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VI. Special Populations

I was drinking during my first trimester of pregnancy before I knew I was pregnant. What are the risks to my unborn baby?

My baby was born with fetal alcohol syndrome. What is that, and what does it mean for my baby?

How do I know whether my child is just experimenting with alcohol and drugs or has a real problem with them?

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I was drinking during my first trimester of pregnancy before I knew I was pregnant. What are the risks to my unborn baby?

Because many pregnancies are unplanned, women may unintentionally expose their offspring to alcohol. Potential mothers need to be aware of the risks associated with unplanned pregnancy and the use of alcohol. As noted in Question 85, alcohol is quickly absorbed into a woman's bloodstream, and if she is pregnant, alcohol quickly passes through the placenta and exposes the baby. Alcohol is broken down more slowly in a baby than in the adult because of the baby's size and immaturity. As a result, alcohol remains elevated in the baby's blood stream longer than it remains in the mothers, potentially causing damage to the baby. Thus, even light to moderate drinking may affect the fetus in several ways, including premature birth, low birthweight, and cognitive and physical deformities. Heart defects have been found in babies whose mothers drank during the first trimester of their pregnancy. Sometimes a baby can appear normal at birth, although subtle effects may present later in the child's development, even if the mother drank only one drink per week during the pregnancy. One study reported that children 6 and 7 years old exhibited more aggressive behaviors and had other behavior problems, including delinquency, than children whose mothers did not drink at all. Another study demonstrated that moderate alcohol consumption during pregnancy resulted in a higher incidence of offspring having problems with alcohol by the age of 21 years, even after controlling for family history and other environmental factors.

Potential mothers need to be aware of the risks associated with unplanned pregnancy and the use of alcohol.

Although a clear dose-dependent relationship exists between amounts of alcohol one drinks during pregnancy and the extent of damage to one's unborn child, no definitive answer is available regarding exact amounts of exposure. One or two drinks before you knew you were pregnant will most likely not affect your baby. The baby's brain and other vital organs begin developing around the third week, so if you stopped drinking by then, the baby is probably safe. The baby is vulnerable, however, by the third week and thereafter; thus, continued exposure to alcohol will place the baby's brain and other vital organs at risk. To conclude, the risk is low within the first 2 to 3 weeks, increases dramatically after that and throughout the first trimester, and then decreases, although not enough to recommend any alcohol until after the baby is born. The risk is that you may have a baby who in the beginning has serious physical, mental, or behavioral problems or who seems normal and healthy at first but later develops behavioral or cognitive problems. Speak openly with the obstetrician about your drinking and your fears about the baby. The most serious risk to your unborn child is fetal alcohol syndrome (FAS), which is addressed in the following question.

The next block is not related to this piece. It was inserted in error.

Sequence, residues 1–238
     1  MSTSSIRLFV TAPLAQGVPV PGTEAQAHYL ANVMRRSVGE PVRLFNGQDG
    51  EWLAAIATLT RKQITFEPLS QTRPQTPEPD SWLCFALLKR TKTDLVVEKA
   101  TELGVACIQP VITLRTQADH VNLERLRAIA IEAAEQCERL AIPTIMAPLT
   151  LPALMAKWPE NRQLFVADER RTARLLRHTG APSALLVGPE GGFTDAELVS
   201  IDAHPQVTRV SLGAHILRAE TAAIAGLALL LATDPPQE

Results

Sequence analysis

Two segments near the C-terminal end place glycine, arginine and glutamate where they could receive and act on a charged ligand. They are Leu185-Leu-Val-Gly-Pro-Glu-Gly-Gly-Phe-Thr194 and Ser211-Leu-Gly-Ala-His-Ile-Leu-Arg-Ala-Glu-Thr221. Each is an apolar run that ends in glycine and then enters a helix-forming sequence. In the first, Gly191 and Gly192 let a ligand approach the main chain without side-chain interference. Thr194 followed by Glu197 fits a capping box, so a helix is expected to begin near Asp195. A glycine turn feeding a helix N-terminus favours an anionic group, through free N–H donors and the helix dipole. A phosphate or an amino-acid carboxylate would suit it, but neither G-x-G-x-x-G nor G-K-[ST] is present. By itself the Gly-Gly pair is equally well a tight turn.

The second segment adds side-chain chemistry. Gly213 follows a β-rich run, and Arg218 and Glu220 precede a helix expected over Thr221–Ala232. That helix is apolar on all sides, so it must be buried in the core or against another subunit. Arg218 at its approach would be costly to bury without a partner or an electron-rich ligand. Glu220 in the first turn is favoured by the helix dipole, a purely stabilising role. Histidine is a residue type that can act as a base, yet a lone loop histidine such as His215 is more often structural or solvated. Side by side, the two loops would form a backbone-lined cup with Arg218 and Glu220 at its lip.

My baby was born with fetal alcohol syndrome. What is that, and what does it mean for my baby?

Fetal alcohol syndrome disorder (FASD) is one of the most devastating disorders found in newborn children. It results from exposure to alcohol by mothers who drink throughout their pregnancy. Experts believe that the degree of severity of the symptoms depends on the amount of alcohol circulating in the mother's and baby's bloodstreams, the timing of the toxic exposure, and genetic factors. Currently, no way is available to determine which baby will be affected by exposure to fetal alcohol. Although only a few drinks may be required at a crucial time during pregnancy to cause sufficient damage to the fetus, how much alcohol and at what crucial time have yet to be determined. One in every 750 babies has the full syndrome. It is the leading known cause of mental retardation in newborn children. Alcohol, therefore, is the leading teratogen causing birth defects.

Fetal alcohol syndrome disorder (FASD) a disorder that is found in infants whose mothers ingested alcohol during pregnancy, resulting in the infant being mentally retarded along with having other distinguishing features.

Teratogen an agent, such as a virus, drugs or alcohol, or radiation, that causes malformations in a fetus or embryo.